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10 Things You Didn't Know About The Plymouth Barracuda

Fans have kept the legacy of the amazing Plymouth Barracuda alive. Here are some cool facts about this muscle car that we still feel nostalgic about.

Sung by lead singer Ann Wilson, the “Barracuda” the song by Heart is what plays in our heads whenever we see a Plymouth Barracuda. The song came three years after the Barracuda went off the road, another victim of the oil embargo and the resulting emission norms. The era of the muscle car came to a sad end.

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Only the car that could reinvent itself from its muscle car avatar into something gas savvier survived. The Barracuda wasn’t one of them and its ten-year legacy came to an eventual end. Of course, fans keep its legacy alive and while, in classic and restored cars that make us catch a breath as they whiz by. Here are 10 facts for all you 'Cuda and Barracuda fans out there.

10 Three Generations And A Decade-Old Legacy

There's a difference between Barracuda and ‘Cuda. The initial Barracuda was nothing more than a slightly redesigned and upgraded Plymouth Valiant. In fact, for years it bore the Valiant’s nameplate. The production tried its level best to flood the dealers with the Barracuda so floated on the Valiant's platform. More so because the Ford Mustang was about to arrive.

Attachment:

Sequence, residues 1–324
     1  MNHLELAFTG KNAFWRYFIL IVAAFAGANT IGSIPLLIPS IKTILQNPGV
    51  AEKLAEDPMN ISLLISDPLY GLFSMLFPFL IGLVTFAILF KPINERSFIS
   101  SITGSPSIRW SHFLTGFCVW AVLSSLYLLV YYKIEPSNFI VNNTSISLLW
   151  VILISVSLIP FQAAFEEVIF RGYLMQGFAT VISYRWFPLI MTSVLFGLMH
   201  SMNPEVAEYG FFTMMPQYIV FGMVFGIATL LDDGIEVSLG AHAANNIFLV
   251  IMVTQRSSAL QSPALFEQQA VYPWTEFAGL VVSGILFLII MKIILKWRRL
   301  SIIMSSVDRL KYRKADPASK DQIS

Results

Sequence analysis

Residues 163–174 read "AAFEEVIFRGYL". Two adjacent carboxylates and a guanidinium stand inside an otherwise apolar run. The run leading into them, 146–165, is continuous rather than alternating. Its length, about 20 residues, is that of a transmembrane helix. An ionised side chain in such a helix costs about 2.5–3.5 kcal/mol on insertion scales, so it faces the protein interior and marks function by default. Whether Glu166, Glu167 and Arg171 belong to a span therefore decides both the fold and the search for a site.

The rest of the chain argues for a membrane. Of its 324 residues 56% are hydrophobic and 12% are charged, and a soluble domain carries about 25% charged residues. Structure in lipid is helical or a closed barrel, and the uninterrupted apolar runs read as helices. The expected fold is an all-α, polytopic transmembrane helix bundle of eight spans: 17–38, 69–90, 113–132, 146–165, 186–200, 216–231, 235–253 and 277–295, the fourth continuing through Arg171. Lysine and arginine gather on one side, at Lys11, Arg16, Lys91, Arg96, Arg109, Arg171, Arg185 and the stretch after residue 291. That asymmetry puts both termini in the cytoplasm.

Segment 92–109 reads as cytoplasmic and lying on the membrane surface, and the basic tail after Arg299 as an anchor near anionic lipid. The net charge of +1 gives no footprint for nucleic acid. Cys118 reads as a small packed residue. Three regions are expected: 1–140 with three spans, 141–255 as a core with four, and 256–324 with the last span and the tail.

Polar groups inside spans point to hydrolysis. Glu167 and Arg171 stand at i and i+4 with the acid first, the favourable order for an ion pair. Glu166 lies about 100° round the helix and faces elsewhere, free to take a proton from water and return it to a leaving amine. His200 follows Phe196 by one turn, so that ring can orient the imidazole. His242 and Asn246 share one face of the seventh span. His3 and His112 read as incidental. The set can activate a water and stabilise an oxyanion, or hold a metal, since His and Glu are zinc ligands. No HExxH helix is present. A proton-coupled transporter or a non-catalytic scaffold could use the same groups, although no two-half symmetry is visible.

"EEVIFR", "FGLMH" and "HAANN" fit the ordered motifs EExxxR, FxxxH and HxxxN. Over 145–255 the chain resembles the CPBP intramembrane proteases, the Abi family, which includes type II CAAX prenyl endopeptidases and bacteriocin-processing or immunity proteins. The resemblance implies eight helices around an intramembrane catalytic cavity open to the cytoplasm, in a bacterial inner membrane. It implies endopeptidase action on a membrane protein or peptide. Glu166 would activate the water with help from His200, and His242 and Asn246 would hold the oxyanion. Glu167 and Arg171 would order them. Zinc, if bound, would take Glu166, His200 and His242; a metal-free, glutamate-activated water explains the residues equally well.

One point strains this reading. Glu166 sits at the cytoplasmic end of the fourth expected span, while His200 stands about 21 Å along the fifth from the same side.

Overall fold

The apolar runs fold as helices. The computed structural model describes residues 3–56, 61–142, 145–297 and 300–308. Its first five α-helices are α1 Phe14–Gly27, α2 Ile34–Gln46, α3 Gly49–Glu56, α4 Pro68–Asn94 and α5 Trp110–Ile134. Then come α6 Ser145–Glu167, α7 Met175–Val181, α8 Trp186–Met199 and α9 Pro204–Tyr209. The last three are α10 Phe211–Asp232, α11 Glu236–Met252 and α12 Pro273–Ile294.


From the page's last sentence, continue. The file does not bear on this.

The ‘Cuda name, which is the more performance-oriented Barracuda, only came about in 1969, five years after the official launch of the Barracuda. The Barracuda spanned three generations over a decade. Ever since, resurrection rumors have been rife but often without substance.

9 The First Muscle Car On The Scene

So while a couple of Chrysler and Oldsmobile cars can technically be called the first muscle cars on the scene – they came in the 40s and 50s. So technically, the first muscle car of the 60s, the one that ignited the spark, was the Plymouth Barracuda.

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The Ford Mustang arrived 16 days later than the Barracuda, and by virtue of it being a Mustang, which is a free-living horse, it became synonymous with pony cars. Had the term been shark cars rather than pony cars, the Barracuda may have held on to its title. But with the Mustang, and horsepower, the pony title stuck.

8 What’s In A Name?

Plymouth had been positioned under Chrysler cars when it was launched in 1929 – specifically floated to take on the affordable-car market so created by Ford and Chevrolet. And Plymouth did well for most of its life, with the Valiant also being one of its highly successful cars.